The first 5 verses of Bereshit (Genesis) delineate a massive transformation from utter chaos to ordered matter. The prevailing view of mainstream Christianity is the creation ex nihilo position, i.e. that all creation was spoken into existence out of nothing. This is based on a rendering of בְּרֵאשִׁית as “in the beginning,” indicating the beginning of the process of the earth’s creation.
The Septuagint, a very early translation (ca. 200 BCE), began the tradition with its translation ἐν ἀρχῇ, which is repeated at John 1:1, linking the two passages to the same time signature.
A few translations, however, deviate from that standard translation. The rationale for the variance is that there is no “the” in the construction of בְּרֵאשִׁית. The shewa under the beyt prefix makes the phrase anarthrous, and thus indefinite if the grammar is to be respected in the strictest sense. Those translations which render it other than the standard “in the beginning” include the following:
- “When God began to create….” (NJPS/TNK)
- “Created by the Elohim were the heavens and the earth.” (Concordant)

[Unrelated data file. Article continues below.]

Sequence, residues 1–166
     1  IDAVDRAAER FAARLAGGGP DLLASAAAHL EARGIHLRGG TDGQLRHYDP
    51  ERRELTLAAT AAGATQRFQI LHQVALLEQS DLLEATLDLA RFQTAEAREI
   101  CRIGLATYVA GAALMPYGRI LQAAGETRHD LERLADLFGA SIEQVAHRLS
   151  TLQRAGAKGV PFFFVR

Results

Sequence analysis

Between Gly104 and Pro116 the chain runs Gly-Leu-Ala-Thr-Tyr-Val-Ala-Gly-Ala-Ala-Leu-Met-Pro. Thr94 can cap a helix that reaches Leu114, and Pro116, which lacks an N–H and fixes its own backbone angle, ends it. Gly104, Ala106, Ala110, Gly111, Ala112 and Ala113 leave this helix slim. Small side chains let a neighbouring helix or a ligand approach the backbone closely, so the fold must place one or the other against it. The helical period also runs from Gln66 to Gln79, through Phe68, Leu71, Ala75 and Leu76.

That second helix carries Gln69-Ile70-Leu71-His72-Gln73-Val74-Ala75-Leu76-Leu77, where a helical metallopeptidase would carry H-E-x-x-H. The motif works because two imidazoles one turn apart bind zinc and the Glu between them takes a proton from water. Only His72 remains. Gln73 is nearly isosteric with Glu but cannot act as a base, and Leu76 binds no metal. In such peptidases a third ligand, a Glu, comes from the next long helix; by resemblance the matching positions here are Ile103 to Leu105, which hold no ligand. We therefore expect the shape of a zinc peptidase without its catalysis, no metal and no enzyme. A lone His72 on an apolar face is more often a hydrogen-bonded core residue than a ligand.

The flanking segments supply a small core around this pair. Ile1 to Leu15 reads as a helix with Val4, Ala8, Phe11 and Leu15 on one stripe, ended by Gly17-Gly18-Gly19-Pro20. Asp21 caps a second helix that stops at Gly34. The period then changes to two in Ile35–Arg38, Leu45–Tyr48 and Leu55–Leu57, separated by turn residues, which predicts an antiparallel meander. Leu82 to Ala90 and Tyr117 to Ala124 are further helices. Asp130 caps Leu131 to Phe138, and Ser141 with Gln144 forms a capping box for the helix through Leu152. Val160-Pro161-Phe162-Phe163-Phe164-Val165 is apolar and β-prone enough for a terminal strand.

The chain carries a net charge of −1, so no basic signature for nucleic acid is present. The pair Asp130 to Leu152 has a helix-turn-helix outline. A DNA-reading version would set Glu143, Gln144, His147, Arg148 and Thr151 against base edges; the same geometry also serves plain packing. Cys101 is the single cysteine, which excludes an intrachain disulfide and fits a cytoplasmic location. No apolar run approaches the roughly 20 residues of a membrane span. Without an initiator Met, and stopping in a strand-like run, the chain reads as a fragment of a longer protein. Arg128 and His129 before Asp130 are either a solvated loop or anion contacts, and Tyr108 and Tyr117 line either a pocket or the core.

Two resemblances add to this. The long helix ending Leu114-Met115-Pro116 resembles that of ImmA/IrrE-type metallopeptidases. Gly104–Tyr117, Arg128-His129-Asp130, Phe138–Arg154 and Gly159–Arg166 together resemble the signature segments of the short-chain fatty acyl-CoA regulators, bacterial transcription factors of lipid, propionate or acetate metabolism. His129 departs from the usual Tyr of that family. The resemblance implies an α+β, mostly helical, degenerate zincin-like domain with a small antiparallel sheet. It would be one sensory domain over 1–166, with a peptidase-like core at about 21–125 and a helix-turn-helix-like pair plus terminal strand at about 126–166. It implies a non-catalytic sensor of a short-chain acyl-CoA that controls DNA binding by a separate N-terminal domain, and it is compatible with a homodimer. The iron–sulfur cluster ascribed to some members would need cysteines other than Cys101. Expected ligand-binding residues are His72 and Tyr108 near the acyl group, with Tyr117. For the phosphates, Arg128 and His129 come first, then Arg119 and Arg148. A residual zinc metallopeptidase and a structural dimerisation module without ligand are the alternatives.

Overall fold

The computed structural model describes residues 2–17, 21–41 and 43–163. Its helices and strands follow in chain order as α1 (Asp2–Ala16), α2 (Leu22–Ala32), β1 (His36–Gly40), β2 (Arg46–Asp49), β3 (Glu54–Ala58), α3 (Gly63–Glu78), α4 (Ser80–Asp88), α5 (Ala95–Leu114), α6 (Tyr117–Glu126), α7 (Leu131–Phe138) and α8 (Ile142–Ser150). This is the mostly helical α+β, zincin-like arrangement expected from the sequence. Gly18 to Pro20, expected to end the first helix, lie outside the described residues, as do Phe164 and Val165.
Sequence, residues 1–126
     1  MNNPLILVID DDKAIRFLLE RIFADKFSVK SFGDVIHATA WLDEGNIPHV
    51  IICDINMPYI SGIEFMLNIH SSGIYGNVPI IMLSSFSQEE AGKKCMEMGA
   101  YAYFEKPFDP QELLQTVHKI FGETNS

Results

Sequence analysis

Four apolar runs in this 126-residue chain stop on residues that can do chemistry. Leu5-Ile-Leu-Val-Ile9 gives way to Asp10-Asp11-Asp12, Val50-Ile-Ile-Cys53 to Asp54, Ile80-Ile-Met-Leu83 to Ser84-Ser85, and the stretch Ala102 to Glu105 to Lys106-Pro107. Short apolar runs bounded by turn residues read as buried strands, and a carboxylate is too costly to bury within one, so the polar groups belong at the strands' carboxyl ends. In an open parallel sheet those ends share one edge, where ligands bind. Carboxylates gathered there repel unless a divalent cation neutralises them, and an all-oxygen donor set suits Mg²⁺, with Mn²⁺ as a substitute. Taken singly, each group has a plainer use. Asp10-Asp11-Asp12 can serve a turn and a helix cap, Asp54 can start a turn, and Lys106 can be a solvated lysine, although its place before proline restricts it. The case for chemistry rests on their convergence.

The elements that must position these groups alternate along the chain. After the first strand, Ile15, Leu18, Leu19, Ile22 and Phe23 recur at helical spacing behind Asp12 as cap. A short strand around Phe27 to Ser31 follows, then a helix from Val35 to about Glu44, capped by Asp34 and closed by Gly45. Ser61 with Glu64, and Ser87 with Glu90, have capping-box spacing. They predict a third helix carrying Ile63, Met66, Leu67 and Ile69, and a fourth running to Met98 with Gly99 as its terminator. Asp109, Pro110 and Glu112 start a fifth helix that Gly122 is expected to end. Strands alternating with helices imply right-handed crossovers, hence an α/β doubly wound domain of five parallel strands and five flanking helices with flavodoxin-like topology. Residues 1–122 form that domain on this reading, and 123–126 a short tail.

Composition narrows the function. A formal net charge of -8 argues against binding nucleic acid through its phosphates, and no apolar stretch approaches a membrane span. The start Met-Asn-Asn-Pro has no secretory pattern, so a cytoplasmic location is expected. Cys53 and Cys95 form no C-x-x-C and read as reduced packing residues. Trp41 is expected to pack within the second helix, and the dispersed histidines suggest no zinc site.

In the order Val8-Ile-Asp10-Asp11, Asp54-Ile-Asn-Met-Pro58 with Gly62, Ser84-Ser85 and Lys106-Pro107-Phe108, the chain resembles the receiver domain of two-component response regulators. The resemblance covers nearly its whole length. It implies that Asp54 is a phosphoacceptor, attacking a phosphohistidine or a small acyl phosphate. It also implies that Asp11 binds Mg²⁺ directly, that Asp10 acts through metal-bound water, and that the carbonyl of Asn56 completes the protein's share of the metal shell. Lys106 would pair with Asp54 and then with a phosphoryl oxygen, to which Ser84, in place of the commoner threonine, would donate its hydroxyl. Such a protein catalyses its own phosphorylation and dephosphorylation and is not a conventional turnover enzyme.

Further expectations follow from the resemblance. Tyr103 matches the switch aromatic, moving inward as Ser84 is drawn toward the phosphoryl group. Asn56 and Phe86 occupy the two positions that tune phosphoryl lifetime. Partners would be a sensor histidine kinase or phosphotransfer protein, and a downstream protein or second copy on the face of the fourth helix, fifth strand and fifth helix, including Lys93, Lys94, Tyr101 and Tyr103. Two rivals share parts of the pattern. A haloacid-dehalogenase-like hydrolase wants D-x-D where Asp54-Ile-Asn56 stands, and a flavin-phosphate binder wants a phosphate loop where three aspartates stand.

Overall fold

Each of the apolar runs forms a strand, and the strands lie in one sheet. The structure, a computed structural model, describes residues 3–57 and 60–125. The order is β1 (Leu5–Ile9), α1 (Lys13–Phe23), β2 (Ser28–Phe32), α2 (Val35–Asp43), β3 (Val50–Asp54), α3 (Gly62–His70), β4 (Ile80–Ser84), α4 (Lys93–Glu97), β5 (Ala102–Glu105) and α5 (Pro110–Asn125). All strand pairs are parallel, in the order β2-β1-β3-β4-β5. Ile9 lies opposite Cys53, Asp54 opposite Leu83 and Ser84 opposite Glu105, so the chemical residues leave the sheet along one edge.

- “At the beginning of….” (Rashi) 
There are good reasons for supplying the absent “the,” as well. One is the presence in the passage of the mehuppak legarmeh trope.  This trope is only found in poetic passages, and we encounter it on the name Elohim in 1:27.
אֱלֹהִ֤ים ׀ — note the leftmost symbol under the hey (ה), which looks like a yethiv, and the vertical line (paseq) following the word at far left. This combination is the poetic marker mehuppak legarmeh.
Poetry tends to deviate from some of the rule, including sometimes omitting the definite article.
Another good reason for the supplied “the” is the testimony of the psalter. Psalm 33 declares that creation occurred solely “by the word of Elohim,” and Psalms 102:25 and 104:5 both credit Elohim with the creation of even the building blocks of creation, asserting that He “laid the foundations of the earth.”
Sha’ul (Paul) also testifies to this, under divine inspiration, making reference to “God, who created all things” (Ephesians 3:9). This theme is echoed in Colossians 1:16, 20. Yochanan the Revelator also adds his voice in his pronouncement, “You created all things and because of Your will they existed and were created” (Revelation 4:11).
The crux of the discussion is that different genres of literature read differently, and our exegetical work needs to reflect those genre categories.
- Joel M. Hoffman, “On Genesis 1:1,” God Didn’t Say That (2010); online: http://goddidntsaythat.com/2010/07/19/on-genesis-1-1/
- William R. Scott, A Simplified Guide to BHS: Critical Apparatus, Masora, Accents, Unusual Letters, & Other Markings (3rd ed.; N. Richland Hills, Tex.: BIBAL Press, 1995), 34.